As shown in Figure 7-3, the VOC inventory is dominated by mobile and area sources. On-road mobile sources of VOCs include exhaust emissions from gasoline passenger vehicles and diesel-powered heavy-duty vehicles as well as evaporative emissions from transportation fuels. VOC emissions may also originate from a variety of area sources (including solvents, architectural coatings, and dry cleaners) as well as from some point sources (e.g., industrial facilities and petroleum refineries).

Biogenic VOCs may play an important role within the rural settings typical of Class I sites. The oxidation of hydrocarbon molecules containing seven or more carbon atoms is generally the most significant pathway for the formation of light-scattering organic aerosol particles (Odum et al., 1997). Smaller reactive hydrocarbons that may contribute significantly to urban smog (ozone) are less likely to play a role in organic aerosol formation, though it was noted that high ozone levels can have an indirect effect on visibility by promoting the oxidation of other available hydrocarbons, including biogenic emissions (NESCAUM, January 2001). In short, further work is needed to characterize the organic carbon contribution to regional haze in the Northeast and Mid-Atlantic states and to develop emissions inventories that will be of greater value for visibility planning purposes.

Figure 7-3 - 2002 VOC Emissions (Bar graph: Percentage fraction of four source categories, Circle: Annual emissions in 106 tons per year)

Comparison of 2002 VOC emissions by state

7.5.3 Oxides of Nitrogen (NOX)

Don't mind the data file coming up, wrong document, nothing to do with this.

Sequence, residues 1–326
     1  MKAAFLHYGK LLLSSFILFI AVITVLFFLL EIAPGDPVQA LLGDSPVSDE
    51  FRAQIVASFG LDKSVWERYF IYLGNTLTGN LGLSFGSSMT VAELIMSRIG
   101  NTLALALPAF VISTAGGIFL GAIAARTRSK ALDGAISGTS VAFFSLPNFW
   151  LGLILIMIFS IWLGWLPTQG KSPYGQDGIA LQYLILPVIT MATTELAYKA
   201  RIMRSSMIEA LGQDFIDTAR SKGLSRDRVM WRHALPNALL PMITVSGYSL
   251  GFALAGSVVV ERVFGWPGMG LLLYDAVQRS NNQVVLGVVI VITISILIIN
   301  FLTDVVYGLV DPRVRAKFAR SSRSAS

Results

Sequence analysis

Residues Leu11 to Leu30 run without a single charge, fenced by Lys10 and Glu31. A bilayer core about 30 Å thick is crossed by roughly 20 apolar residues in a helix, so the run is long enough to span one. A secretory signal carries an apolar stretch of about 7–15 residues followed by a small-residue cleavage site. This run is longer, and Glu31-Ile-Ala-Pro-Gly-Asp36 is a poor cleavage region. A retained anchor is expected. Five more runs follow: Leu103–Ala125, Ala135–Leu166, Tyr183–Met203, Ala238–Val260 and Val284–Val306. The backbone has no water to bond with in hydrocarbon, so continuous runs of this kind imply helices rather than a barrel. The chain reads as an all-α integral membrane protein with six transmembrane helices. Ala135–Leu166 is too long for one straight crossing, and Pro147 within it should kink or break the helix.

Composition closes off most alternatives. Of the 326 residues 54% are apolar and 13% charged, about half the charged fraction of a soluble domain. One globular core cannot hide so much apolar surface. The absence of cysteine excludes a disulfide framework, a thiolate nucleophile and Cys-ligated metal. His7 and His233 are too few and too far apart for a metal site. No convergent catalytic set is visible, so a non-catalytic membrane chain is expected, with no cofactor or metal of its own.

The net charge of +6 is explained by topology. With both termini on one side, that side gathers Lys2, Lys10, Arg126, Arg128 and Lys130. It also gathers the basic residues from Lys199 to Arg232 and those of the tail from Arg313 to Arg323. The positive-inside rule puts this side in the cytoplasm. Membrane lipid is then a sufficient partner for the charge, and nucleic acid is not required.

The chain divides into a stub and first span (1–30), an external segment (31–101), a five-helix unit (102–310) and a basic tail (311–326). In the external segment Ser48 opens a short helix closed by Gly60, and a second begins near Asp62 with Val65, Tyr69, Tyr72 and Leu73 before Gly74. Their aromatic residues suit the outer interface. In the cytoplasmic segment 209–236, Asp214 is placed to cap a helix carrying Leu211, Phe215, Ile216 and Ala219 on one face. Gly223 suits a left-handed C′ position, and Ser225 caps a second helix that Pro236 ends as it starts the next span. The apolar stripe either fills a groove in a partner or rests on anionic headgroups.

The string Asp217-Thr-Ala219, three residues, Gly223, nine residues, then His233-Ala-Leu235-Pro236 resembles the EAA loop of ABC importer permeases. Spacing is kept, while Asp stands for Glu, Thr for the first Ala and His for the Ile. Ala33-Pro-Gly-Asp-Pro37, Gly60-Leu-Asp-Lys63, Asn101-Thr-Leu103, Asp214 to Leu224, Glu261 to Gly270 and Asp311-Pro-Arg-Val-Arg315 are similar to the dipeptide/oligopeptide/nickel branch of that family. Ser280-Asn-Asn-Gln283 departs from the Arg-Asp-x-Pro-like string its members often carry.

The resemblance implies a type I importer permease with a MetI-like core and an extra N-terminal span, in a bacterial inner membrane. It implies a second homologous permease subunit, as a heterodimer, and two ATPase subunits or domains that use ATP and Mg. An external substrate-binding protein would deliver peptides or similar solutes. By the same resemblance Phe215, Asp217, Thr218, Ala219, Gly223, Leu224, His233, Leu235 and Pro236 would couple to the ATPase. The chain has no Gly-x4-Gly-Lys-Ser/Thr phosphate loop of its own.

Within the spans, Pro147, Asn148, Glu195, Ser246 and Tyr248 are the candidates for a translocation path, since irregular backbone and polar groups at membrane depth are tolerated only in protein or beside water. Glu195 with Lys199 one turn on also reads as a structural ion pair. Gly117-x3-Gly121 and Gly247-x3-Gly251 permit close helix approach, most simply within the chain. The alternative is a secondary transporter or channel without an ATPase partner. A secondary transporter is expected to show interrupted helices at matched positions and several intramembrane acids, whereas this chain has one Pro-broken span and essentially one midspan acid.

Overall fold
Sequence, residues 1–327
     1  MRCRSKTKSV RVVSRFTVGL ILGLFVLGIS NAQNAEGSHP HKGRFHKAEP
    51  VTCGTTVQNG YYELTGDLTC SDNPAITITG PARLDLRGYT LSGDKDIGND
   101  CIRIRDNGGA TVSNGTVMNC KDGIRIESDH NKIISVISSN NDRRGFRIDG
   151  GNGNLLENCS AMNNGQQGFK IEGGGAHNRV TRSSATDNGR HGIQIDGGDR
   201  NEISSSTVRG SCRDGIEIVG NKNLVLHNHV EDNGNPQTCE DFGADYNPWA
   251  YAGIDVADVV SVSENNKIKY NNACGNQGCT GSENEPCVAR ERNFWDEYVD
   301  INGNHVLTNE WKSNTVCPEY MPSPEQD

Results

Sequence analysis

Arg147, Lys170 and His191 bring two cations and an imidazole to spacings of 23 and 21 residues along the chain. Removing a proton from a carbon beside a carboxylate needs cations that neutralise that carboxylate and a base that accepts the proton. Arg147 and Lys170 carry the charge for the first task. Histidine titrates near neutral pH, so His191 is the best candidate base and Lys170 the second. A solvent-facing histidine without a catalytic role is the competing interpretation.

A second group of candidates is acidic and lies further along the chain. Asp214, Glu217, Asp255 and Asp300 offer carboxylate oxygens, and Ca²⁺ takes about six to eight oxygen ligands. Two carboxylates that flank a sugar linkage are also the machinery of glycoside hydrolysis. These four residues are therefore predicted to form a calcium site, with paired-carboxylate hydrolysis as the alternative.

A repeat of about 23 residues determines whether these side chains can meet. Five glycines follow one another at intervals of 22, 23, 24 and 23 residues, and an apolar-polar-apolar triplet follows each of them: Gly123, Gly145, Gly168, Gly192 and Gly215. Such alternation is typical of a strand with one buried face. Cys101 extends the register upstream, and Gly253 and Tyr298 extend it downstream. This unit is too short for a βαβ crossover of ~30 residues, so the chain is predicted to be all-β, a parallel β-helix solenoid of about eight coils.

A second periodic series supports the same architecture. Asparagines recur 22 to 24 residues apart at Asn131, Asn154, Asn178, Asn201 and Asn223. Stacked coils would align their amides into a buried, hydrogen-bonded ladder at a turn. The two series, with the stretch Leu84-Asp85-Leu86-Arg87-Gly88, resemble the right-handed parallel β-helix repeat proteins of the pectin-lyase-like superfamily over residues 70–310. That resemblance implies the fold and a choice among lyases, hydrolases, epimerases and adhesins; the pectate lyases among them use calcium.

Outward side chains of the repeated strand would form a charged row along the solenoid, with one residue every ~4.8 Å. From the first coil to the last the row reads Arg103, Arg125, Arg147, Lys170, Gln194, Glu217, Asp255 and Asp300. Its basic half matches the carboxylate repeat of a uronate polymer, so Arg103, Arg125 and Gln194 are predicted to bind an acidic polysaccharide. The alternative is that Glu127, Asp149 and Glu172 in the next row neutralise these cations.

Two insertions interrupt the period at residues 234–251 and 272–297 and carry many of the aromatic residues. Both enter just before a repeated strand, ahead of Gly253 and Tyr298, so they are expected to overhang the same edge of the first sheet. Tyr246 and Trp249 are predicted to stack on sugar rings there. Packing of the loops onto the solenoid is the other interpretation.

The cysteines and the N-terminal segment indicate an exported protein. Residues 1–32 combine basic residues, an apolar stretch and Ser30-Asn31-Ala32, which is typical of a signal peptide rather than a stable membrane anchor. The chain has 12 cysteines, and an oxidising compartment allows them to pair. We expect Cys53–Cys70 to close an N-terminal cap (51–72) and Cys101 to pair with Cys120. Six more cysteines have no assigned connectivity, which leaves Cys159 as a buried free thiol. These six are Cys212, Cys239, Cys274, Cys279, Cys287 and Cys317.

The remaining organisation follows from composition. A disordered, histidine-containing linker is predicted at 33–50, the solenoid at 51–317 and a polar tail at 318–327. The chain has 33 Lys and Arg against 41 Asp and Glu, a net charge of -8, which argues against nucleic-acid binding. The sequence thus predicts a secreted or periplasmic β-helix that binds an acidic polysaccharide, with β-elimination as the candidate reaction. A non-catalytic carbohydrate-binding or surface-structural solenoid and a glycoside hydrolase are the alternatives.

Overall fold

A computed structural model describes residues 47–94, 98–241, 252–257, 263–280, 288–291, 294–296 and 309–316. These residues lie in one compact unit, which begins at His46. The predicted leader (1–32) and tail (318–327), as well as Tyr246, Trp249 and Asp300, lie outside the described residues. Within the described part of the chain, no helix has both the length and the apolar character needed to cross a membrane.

NOX emissions contribute to visibility impairment in the eastern U.S. by forming light-scattering nitrate particles. Nitrates generally account for a substantially smaller fraction of fine particle mass and related light extinction than sulfates and organic carbon at northeastern Class I sites. Notably, nitrates may play a more important role at urban sites and in the wintertime. In addition, NOX may have an indirect effect on summertime visibility by virtue of its role in the formation of ozone, which in turn promotes the formation of secondary organic aerosols (NESCAUM 2001a). Figure 7-4 shows NOX emissions in the MANE-VU region at the state level. Since 1980, nationwide emissions of NOX from all sources have shown little change. In fact, emissions increased by 2 percent between 1989 and 1998 (EPA, 2000a). This increase is most likely due to industrial sources and the transportation sector, as power plant combustion sources have implemented modest emissions reductions during the same time period. Most states in the MANE-VU region experienced declining NOX emissions from 1996 through 2002, except Massachusetts, Maryland, New York, and Rhode Island, which show an increase in NOX emissions in 1999 before declining to levels below 1996 emissions in 2002. Power plants and mobile sources generally dominate state and national NOX emissions inventories. Nationally, power plants account for more than one-quarter of all NOX emissions, amounting to more than six million tons. The electric sector plays an even larger role, however, in parts of the industrial Midwest where high NOX emissions have a particularly significant power plant contribution. By contrast, mobile sources dominate the NOX inventories for more urbanized Mid-Atlantic and New England states to a far greater extent, as shown in Figure 7-5. In these states, on-road mobile sources - a category that mainly includes highway vehicles - represent the most significant NOX source category. Emissions from non-road (i.e., off-highway) mobile sources, primarily diesel-fired engines, also represent a substantial fraction of the inventory. While there are fewer uncertainties associated with available NOX estimates than in the case of other key haze-related pollutants - including primary fine particle and ammonia emissions - further efforts could improve current inventories in a number of areas (NESCAUM, 2001a).